Equity Contagion Spreads to Credit, Deepening Worries on Growth

(Bloomberg) -- For all the angst about corrections and bear markets in equities around the world, it’s credit that’s historically been the asset class that delivers the ultimate warning of impending economic trouble. The bad news: debt stress is starting to pile up.

As with the stock slump in late January, premiums on investment-grade corporate bonds compared with government debt have jumped the world over in recent weeks. Whether it’s U.S. or European or Asian-dollar spreads, they’re now at the highest since 2016 -- back when investors still worried about deflation, and stress levels were high enough that the Federal Reserve hit the pause button on monetary tightening for a year.

Equity Contagion Spreads to Credit, Deepening Worries on Growth

As premiums rise, it becomes more costly for companies to refinance, hurting their ability to expand investment and hiring. In the worst case, a freezing up of credit triggers outright crises.

There’s no sign of strains getting quite as bad as seen in the late 1990s to 2002 tech bust or the 2007-09 global conflagration. But with central banks calling time on a decade worth of unprecedented monetary stimulus, conditions are getting a lot tougher.

“Refinancing next year will be harder, particularly for high-yield companies globally,” said Ben Sy, head of fixed income, currencies and commodities at JPMorgan’s private banking unit in Asia. “Those companies will have to pay up meaningfully, which will eat into their profits in the longer term.”

There’s more room for spreads to widen as investors are concerned about slowing global growth, particularly a potential U.S. recession in 2020, Sy said. If the credit market continues on its current course, that would further darken the outlook as companies cut back on capital investment, he said.

Among the triggers for the recent widening in spreads has been a slide in oil prices that’s hit U.S. high-yield debt because of its high concentration of energy companies. And in the investment-grade space, woes have mounted due to concerns about General Electric Co., the beleaguered conglomerate with a hefty debt load that’s seen its ratings downgraded.

Equity Contagion Spreads to Credit, Deepening Worries on Growth

Scott Minerd, the Guggenheim Partners chairman of investments and global chief investment officer, was particularly concerned about the implications of GE, calling attention to it in a tweet last week.

GE’s slide has put focus on the question of leverage among companies rated in the BBB tranche -- just above junk -- which could flip to high yield if conditions deteriorated enough.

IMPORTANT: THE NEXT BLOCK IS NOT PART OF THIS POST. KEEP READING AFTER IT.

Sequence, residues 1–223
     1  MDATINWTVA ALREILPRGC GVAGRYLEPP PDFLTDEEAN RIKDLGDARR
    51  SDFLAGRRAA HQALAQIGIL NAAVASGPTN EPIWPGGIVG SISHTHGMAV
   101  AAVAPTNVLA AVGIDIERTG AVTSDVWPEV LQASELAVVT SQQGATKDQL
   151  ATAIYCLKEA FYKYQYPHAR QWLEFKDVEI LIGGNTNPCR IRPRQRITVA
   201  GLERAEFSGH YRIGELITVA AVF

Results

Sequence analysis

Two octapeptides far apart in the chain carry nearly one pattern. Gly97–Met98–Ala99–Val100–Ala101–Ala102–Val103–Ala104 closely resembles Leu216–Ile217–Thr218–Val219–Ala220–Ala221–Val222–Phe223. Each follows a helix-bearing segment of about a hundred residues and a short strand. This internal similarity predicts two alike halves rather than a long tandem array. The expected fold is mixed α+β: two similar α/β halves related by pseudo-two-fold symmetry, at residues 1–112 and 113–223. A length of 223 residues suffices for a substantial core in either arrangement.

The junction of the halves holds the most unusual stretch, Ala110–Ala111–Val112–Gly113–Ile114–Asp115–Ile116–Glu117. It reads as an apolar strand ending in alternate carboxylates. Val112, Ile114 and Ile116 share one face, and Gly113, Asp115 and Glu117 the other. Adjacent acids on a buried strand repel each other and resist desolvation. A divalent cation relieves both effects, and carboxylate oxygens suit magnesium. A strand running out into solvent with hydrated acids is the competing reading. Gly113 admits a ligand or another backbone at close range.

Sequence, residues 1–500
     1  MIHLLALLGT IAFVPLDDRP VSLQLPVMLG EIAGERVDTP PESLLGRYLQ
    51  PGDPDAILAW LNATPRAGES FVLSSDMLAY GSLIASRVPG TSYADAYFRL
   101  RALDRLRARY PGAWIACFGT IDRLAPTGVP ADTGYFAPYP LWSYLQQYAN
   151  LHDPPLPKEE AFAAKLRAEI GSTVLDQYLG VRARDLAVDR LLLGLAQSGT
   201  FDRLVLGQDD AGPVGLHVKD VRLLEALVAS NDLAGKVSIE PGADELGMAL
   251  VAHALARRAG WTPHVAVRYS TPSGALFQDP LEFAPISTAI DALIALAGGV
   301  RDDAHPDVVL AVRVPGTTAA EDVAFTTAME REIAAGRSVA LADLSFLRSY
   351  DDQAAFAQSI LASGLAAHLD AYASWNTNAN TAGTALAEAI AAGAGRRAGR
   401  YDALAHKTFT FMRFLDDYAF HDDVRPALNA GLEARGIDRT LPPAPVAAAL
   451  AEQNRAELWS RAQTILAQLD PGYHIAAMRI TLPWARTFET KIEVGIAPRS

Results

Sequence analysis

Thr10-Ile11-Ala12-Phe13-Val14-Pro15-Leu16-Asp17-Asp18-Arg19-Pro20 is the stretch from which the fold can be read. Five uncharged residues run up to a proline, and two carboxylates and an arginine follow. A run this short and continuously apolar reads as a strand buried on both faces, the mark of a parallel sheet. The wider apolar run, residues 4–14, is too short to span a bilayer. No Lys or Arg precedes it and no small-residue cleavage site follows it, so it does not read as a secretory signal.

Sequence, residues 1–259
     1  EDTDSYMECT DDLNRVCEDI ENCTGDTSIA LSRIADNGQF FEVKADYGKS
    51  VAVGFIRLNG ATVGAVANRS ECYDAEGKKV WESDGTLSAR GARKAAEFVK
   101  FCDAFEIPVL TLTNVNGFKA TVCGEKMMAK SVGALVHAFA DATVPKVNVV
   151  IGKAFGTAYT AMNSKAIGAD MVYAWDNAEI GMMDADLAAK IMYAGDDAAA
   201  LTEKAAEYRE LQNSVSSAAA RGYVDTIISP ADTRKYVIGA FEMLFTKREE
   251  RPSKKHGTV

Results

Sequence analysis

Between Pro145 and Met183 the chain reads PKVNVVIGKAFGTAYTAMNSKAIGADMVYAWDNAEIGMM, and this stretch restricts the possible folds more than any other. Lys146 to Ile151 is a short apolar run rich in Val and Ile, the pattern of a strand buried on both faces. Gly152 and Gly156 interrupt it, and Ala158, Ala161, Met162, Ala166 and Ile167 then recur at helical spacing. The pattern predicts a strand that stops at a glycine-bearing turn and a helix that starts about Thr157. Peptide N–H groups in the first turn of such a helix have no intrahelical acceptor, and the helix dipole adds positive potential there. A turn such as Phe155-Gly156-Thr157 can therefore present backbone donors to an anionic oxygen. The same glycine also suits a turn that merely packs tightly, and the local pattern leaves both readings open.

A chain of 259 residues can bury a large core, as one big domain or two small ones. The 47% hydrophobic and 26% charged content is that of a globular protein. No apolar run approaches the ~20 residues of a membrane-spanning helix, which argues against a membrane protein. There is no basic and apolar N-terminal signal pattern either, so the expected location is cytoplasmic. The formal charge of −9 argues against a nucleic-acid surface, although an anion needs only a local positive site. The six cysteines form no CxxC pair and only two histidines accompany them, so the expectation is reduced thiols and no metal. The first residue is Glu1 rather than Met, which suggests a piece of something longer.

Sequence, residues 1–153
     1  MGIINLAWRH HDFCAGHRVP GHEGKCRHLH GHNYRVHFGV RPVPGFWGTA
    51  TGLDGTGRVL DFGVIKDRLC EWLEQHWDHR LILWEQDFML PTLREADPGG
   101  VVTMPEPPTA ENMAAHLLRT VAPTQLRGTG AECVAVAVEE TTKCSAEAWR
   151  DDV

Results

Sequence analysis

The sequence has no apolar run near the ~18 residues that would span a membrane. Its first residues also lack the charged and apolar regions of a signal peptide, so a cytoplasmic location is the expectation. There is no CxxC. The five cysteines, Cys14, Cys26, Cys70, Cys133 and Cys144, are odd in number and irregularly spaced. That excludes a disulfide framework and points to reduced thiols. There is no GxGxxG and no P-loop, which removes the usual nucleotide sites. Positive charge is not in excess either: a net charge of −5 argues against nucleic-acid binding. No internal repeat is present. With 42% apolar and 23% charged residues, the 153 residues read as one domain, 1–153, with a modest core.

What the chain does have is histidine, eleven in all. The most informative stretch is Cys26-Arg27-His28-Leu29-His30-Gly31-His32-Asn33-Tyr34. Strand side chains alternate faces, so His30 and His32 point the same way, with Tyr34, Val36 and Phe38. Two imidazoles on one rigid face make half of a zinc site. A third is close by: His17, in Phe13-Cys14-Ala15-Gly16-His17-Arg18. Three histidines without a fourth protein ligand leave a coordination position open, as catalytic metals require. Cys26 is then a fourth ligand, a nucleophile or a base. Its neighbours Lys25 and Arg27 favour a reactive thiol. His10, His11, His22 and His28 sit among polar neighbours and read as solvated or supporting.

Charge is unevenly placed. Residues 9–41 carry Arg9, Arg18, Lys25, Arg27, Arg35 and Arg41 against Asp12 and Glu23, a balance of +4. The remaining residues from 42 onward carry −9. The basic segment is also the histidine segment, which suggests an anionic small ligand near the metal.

Equity Contagion Spreads to Credit, Deepening Worries on Growth

In Asia, China has been a source of rising risk. Property developers in the country are rushing to sell short-term dollar bonds ahead of record debt maturities next year, a move that analysts warn will only increase refinancing pressure down the road. Times China Holdings Ltd., Greenland Holding Group Co. and a unit of China Evergrande Group have all come to the market this week alone, according to people familiar with the matter.

In Europe, investors will be contending with the prospects of the European Central Bank ending its quantitative-easing program, which has included purchases of corporate debt, as soon as January.

Before then, the Fed is projected to hike its benchmark rate another quarter percentage point next month. Paul Winter, head of Asia-Pacific quantitative research at UBS Group AG, said market volatility tends to pick up about two years after the Fed starts ratcheting up rates, which is what’s playing out now.

As for how U.S. policy makers will interpret the current strains in markets, Goldman Sachs Group Inc. analysts said credit is key.

“The Fed is likely to continue with their current pace of tightening despite the decline in equity markets,” Goldman economists Brian Chen, David Choi and Jan Hatzius wrote in a Nov. 20 note. Since 1994, “the Fed only responds to stock market sell-offs that happen at the same time as widening credit spreads or growth significantly below potential,” they said. Yet U.S. growth remains above its longer-term trend and “spreads have widened only moderately,” they concluded.

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